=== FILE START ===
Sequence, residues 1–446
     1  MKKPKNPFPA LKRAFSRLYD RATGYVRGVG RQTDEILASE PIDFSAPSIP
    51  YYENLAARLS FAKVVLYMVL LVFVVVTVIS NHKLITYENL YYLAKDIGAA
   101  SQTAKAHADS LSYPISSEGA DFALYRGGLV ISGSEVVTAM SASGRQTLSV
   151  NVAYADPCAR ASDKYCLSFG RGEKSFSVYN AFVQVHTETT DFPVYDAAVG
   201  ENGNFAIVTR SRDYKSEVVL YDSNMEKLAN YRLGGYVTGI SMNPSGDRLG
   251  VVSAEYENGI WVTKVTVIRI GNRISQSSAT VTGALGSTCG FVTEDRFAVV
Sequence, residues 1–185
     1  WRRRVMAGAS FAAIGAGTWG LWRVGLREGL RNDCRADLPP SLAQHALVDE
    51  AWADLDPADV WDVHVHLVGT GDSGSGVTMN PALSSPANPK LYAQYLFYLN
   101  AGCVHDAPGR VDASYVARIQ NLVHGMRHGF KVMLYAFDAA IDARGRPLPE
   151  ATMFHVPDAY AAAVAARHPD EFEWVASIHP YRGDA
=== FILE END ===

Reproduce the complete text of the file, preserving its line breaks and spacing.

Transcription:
Sequence, residues 1–446
     1  MKKPKNPFPA LKRAFSRLYD RATGYVRGVG RQTDEILASE PIDFSAPSIP
    51  YYENLAARLS FAKVVLYMVL LVFVVVTVIS NHKLITYENL YYLAKDIGAA
   101  SQTAKAHADS LSYPISSEGA DFALYRGGLV ISGSEVVTAM SASGRQTLSV
   151  NVAYADPCAR ASDKYCLSFG RGEKSFSVYN AFVQVHTETT DFPVYDAAVG
   201  ENGNFAIVTR SRDYKSEVVL YDSNMEKLAN YRLGGYVTGI SMNPSGDRLG
   251  VVSAEYENGI WVTKVTVIRI GNRISQSSAT VTGALGSTCG FVTEDRFAVV
Sequence, residues 1–185
     1  WRRRVMAGAS FAAIGAGTWG LWRVGLREGL RNDCRADLPP SLAQHALVDE
    51  AWADLDPADV WDVHVHLVGT GDSGSGVTMN PALSSPANPK LYAQYLFYLN
   101  AGCVHDAPGR VDASYVARIQ NLVHGMRHGF KVMLYAFDAA IDARGRPLPE
   151  ATMFHVPDAY AAAVAARHPD EFEWVASIHP YRGDA